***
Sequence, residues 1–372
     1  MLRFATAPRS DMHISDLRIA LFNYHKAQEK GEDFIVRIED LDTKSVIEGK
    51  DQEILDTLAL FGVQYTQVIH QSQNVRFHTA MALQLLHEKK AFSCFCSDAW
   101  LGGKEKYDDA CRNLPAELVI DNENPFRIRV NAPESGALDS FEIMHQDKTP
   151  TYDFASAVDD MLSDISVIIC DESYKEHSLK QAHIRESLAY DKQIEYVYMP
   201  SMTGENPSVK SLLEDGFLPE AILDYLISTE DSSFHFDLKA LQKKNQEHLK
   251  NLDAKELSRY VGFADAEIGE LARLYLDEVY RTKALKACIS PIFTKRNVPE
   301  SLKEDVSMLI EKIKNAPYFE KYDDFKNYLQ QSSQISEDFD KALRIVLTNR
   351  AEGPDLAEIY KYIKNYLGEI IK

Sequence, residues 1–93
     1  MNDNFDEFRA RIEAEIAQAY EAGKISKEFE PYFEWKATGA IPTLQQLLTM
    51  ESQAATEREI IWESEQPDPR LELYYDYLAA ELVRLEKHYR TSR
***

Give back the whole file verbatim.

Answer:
Sequence, residues 1–372
     1  MLRFATAPRS DMHISDLRIA LFNYHKAQEK GEDFIVRIED LDTKSVIEGK
    51  DQEILDTLAL FGVQYTQVIH QSQNVRFHTA MALQLLHEKK AFSCFCSDAW
   101  LGGKEKYDDA CRNLPAELVI DNENPFRIRV NAPESGALDS FEIMHQDKTP
   151  TYDFASAVDD MLSDISVIIC DESYKEHSLK QAHIRESLAY DKQIEYVYMP
   201  SMTGENPSVK SLLEDGFLPE AILDYLISTE DSSFHFDLKA LQKKNQEHLK
   251  NLDAKELSRY VGFADAEIGE LARLYLDEVY RTKALKACIS PIFTKRNVPE
   301  SLKEDVSMLI EKIKNAPYFE KYDDFKNYLQ QSSQISEDFD KALRIVLTNR
   351  AEGPDLAEIY KYIKNYLGEI IK

Sequence, residues 1–93
     1  MNDNFDEFRA RIEAEIAQAY EAGKISKEFE PYFEWKATGA IPTLQQLLTM
    51  ESQAATEREI IWESEQPDPR LELYYDYLAA ELVRLEKHYR TSR